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Natural family planning and sacred responsibility

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Catholic News Service

When a Catholic man and woman enter into marriage, they enter into another sacred institution at the same time — “responsible parenthood.” The term refers not only to the raising of children, but also to the decision of when to have them.

The U.S. Catholic bishops’ website calls it “the call to discern God’s will for your marriage while respecting his design for life and love.”

It’s a common misconception that the Catholic Church requires married couples to have an unlimited number of children. Large families are a blessing, but the church is aware also that not everyone is suited to having numerous children.

The church isn’t against limiting the number of children. It’s against refuting God’s natural law, negating his will for the sacrament of holy matrimony and using artificial contraception or using abortifacients that end pregnancies. That’s a huge difference.

The magisterium asks that couples carefully and prayerfully discern what God is telling them by their circumstances and in their hearts as to the best timing and the best number of children he’s calling them to have.

The objective is to understand and follow God’s will for that particular husband and wife and not the goading of others or the selfish or misdirected self-will of the couple.

“A particular aspect of this responsibility concerns the regulation of procreation. For just reasons, spouses may wish to space the births of their children. It is their duty to make certain that their desire is not motivated by selfishness but is in conformity with the generosity appropriate to responsible parenthood. Moreover, they should conform their behavior to the objective criteria of morality,” the Catechism of the Catholic Church states. (No. 2368)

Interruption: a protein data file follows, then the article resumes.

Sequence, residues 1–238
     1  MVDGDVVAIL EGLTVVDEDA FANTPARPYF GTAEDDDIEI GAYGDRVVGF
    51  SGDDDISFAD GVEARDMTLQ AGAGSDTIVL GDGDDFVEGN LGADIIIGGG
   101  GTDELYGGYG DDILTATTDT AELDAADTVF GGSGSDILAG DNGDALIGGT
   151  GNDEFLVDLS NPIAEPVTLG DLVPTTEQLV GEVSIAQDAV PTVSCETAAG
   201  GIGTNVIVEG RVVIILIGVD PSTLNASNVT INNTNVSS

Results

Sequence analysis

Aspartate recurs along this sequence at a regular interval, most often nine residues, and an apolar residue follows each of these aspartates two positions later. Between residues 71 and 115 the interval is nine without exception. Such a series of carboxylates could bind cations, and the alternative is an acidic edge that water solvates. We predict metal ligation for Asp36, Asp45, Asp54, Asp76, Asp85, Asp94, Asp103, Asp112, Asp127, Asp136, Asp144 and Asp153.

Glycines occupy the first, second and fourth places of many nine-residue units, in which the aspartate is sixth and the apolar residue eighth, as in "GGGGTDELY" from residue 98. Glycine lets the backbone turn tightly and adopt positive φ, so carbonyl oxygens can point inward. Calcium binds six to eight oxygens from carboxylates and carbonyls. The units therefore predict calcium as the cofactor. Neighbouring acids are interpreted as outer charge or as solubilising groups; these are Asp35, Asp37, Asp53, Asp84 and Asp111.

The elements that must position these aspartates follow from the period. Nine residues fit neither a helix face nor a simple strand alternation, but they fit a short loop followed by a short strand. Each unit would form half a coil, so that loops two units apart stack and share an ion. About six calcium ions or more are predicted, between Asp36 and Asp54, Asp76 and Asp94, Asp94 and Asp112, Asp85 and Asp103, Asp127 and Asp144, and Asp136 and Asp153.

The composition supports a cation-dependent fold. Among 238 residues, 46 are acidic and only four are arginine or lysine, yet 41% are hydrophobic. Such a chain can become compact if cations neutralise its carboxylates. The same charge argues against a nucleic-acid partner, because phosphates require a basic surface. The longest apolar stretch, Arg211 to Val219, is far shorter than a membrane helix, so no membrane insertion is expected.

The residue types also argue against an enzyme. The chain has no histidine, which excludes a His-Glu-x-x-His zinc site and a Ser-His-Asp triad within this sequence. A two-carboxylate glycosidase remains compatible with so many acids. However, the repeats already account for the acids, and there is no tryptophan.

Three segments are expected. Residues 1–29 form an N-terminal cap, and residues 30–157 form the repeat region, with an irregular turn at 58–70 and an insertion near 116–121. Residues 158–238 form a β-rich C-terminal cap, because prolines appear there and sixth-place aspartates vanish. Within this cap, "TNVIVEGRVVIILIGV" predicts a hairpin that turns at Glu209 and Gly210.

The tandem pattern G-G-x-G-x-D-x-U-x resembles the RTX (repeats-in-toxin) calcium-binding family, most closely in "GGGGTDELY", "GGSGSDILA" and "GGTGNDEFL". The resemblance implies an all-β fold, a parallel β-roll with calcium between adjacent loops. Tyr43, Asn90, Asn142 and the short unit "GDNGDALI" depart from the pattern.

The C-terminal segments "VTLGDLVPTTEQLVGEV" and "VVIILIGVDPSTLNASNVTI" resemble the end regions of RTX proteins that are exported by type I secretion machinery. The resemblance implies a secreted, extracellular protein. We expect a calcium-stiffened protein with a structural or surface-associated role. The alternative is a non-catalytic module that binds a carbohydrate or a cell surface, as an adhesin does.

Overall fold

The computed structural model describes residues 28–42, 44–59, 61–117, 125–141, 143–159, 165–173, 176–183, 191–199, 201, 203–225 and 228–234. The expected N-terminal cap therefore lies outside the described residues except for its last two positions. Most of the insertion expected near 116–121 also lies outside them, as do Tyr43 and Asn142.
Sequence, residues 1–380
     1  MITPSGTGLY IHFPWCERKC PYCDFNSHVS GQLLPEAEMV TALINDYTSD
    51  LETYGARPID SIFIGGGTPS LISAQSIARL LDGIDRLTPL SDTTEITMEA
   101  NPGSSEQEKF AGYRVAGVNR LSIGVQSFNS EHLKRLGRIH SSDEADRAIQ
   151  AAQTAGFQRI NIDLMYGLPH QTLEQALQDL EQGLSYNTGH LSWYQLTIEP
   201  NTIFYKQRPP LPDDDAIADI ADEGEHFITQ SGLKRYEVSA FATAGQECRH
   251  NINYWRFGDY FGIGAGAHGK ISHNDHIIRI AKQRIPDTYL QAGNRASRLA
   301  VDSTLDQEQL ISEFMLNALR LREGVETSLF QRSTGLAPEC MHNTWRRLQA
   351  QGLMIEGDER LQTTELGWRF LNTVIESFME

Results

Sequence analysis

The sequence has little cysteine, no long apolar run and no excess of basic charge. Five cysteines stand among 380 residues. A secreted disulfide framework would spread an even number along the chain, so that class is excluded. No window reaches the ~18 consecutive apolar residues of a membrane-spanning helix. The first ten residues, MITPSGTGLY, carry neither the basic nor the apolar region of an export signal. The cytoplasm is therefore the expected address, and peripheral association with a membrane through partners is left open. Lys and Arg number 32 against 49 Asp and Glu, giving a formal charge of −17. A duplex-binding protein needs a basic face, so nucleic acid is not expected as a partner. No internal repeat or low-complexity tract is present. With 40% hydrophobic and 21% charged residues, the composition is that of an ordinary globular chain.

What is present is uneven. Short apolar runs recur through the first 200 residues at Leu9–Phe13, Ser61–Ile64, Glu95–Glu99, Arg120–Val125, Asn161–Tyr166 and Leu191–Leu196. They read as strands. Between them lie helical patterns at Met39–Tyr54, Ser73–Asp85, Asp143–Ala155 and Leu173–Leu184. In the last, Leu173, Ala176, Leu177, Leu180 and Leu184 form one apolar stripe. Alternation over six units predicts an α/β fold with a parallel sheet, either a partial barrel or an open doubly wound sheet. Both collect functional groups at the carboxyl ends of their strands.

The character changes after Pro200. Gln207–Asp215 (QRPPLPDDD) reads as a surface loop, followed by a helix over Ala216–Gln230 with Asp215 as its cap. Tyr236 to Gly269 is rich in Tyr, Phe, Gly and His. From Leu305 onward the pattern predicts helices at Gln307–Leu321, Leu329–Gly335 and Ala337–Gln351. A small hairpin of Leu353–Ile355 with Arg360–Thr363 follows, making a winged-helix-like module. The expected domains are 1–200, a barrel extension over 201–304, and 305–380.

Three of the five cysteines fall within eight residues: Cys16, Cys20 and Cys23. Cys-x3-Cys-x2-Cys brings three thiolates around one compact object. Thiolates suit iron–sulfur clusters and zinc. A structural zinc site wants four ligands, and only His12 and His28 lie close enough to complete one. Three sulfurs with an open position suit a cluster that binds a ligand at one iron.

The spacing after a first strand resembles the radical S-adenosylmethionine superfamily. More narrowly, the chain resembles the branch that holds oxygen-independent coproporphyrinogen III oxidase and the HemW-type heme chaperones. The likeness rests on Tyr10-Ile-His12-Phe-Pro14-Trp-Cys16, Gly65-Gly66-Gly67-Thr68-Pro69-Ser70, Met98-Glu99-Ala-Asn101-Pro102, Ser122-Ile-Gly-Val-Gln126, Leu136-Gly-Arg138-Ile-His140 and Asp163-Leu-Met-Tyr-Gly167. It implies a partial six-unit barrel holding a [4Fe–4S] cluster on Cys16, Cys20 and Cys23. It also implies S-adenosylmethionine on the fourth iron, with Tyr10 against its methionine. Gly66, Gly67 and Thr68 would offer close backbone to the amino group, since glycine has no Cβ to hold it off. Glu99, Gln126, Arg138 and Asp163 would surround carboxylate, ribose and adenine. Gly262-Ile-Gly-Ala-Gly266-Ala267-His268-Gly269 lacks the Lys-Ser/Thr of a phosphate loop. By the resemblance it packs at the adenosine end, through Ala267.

For example, putting off children because a couple wants to travel first or has other superficial material goals in mind is wrongful.

Putting off children — or limiting the number — because there are serious health problems rendering one or the other incapable of adequately caring for children could be a good reason.

In this regard, the church advocates the use of natural family planning (NFP). Some people wrongly think of NFP as the “rhythm method” and consider it unreliable. Rather, NFP is a method of measuring the woman’s fertility to both achieve and avoid pregnancy.

NFP respects God’s design for married love and is safer and more effective (when used correctly) than artificial contraception. Many couples witness that NFP brought them together as friends and intimate partners.

The “Standards for Diocesan Natural Family Planning Ministry” explains it this way:

“NFP reflects the dignity of the human person within the context of marriage and family life, and promotes openness to life and recognizes the value of the child. By complementing the love-giving and life-giving natures of marriage, NFP can enrich the bond between husband and wife.”

The message and method of NFP are the same: Respect life. Children are a precious gift and should be treated as such. The church asks not that we have children unreasonably but rather that we have children out of love for God and each other. It’s a sacred responsibility.

(Fenelon is a freelance writer from Milwaukee. Her website is http://margefenelon.com.)

 

 

For more information on natural family planning, visit the U.S. Conference of Catholic Bishops website: www.usccb.org/nfp/index.cfm

To learn about the sympto-thermal method, visit the Couple to Couple League’s website: https://ccli.org/

To learn about the Billings Ovulation Method and take online classes, visit: https://learnnfponline.com/

To learn the Creighton Model and find fertility care centers, visit: http://www.fertilitycare.org/

To read about NFP methods that use hormonal tests (sympto-hormonal) like the Marquette method, see: http://nfp.marquette.edu

To watch a video series on marital love and responsible parenthood, available in Spanish and English, visit: http://www.loveandparenthood.com/

For a summary of Catholic teaching on the moral prohibition of some assisted reproductive technologies see: www.usccb.org/nfp/catholic-teaching/upload/Life-Giving-Love-in-an-Age-of-Technology-2009-2.pdf